After Chantal passed we decided to head east to our favorite island in the USVI; St John. Most of St. John is designated as park land and there are dozens of great hiking trails. We also use a mail spot in St John to receive packages and forwarded mail. Our wifi antenna had suffered from water intrusion so we ordered a replacement. We have used an outfit in Florida called Islandtime PC. Bob Stewart the owner is a cruiser himself and he designs and builds custom computers for boats that run on 12 volts and have very efficient hardware and monitors. He sells these custom computers at a really low cost too. Bob not only has given us great deals on his wifi equipment he has also been our personal tech support guy willing to take calls from all over the Caribbean at just about any time. He’s helped us out of many IT jams and when its time, I fully intend to buy a new boat computer from him. So with our wifi antenna back up we are once again able to pick up free internet just about anywhere we anchor. This makes Skype and our new friend FaceTime the easy way to stay in touch with family and friends.
St. John has many gorgeous anchorages and many of them have moorings provided by the park service so you don’t have to anchor. The use of moorings prevents damage to the sea floor and allows the grasses which the sea turtles are so fond of to flourish on the bottom. St John is also steeped in history having been operated by the Dutch for sugar production for many years. Except for the scattered ruins here and there, little evidence remains of the once immense plantations that existed on the island. Hiking through shaded forests one often encounters large stone walls in the middle of nowhere, remnants of old slave quarters and ruins of estate houses that the jungle has since reclaimed. Life aboard does not often allow the regular opportunity for exercise, so Claudia and I have been trying to make an effort at getting ashore and hiking regularly. It being summertime in the tropics we try to hike in the mornings when possible. Our last hike was the Reef Bay trail which is about 3 miles in either direction and has just over 900 feet of elevation change. Claudia has gotten out more frequently (2-3 times a week) for 4 mile hikes with a new friend and occasionally the kids tag along. Here is a link to the St. John Trail Map – The trail we regularly do from Coral Bay is the Johnny Horn Trail to the Brown Bay Trail.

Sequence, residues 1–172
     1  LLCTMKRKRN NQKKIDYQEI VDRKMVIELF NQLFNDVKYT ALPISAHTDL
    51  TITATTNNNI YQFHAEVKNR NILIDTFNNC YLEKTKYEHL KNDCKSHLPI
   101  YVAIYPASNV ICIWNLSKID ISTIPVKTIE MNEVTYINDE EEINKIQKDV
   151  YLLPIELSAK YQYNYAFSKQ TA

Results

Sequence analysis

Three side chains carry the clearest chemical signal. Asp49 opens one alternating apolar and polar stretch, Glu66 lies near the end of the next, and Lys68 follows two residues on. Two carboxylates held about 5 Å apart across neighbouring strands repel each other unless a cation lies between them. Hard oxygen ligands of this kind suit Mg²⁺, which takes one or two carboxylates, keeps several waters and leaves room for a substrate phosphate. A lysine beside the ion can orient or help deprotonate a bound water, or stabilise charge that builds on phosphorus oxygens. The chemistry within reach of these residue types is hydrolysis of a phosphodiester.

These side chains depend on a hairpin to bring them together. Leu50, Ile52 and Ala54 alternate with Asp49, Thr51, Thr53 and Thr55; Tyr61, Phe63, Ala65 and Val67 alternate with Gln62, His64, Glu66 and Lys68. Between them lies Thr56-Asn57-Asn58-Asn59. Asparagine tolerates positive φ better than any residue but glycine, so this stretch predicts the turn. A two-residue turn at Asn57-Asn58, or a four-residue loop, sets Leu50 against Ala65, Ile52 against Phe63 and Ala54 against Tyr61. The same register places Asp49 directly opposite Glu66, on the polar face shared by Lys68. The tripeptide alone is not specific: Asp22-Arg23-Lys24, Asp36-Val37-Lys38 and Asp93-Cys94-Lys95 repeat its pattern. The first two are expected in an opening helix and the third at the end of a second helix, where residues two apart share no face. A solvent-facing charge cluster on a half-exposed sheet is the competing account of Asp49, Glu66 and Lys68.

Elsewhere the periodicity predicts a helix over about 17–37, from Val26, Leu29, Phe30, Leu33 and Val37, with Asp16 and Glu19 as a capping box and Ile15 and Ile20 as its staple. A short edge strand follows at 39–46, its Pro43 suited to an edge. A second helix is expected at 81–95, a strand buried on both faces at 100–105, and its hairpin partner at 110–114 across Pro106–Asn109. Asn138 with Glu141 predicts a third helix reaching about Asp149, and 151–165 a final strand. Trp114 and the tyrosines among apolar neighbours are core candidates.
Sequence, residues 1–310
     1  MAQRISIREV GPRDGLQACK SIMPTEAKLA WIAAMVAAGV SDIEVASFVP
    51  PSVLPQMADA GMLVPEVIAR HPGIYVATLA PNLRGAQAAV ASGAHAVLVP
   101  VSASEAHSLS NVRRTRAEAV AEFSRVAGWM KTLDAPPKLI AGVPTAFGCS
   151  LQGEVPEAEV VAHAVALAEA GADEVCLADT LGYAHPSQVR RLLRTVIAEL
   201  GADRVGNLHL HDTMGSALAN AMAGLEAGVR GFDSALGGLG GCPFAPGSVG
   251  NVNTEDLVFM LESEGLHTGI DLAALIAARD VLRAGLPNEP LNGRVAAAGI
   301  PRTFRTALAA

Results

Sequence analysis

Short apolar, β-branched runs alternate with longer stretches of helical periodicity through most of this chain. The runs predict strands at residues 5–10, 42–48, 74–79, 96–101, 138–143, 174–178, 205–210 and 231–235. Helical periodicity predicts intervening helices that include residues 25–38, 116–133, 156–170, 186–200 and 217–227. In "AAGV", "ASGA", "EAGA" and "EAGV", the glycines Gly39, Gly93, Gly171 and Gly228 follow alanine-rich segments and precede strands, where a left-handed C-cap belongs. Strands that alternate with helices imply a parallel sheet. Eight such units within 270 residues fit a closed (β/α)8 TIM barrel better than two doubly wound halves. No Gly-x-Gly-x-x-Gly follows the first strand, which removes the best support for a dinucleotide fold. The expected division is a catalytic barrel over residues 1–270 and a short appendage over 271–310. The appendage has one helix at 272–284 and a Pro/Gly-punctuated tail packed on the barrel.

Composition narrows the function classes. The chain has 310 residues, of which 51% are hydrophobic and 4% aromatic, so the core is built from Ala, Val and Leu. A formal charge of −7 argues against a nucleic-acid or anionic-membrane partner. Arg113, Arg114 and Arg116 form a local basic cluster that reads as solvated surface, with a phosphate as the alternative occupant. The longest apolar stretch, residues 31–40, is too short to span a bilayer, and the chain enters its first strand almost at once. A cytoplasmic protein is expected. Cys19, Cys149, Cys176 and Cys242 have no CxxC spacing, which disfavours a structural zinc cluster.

One thing I was not expecting was the difference in summer weather here versus summer in Annapolis. The temperature climbs to the high 80’s most days with lows in the high 70’s most nights. What is absent however is the oppressive humidity that plagues the East Coast. I was expecting high heat and tropical humidity but instead we often experience large dry air masses which come across the Atlantic from Africa. Many of these dry air masses are filled with dust from the Sahara which sometimes causes me to sneeze and have allergy like symptoms. Most nights we sleep with a sheet and most days the heat even ashore is tolerable. All in all I am still very much in love with the climate here!
So we’ve been hanging out here in Coral Bay on St John for the last few weeks while getting through hopefully the last bit of paperwork and forms related to immigration and work permit for the BVI. We’ve made some new friends, the kids have had sleep overs with local kids, and we’ve really been enjoying the community here. We went out a few times sailing heading out to the deep water that lies between St John and St Croix with the hopes of catching some good fish but haven’t had much luck yet. We are hoping that next week Ted will complete his BVI immigration and work permitting process and we will make plans to head back to Tortola. We are waiting on approval by the BVI Ministry of Education to home-school our kids for next year. Once we have that, Claudia and the kids immigration clearances should be complete allowing them to take the medical exams and tests remaining for their applications. With any luck our next post will be from Tortola with us settled in and working once again.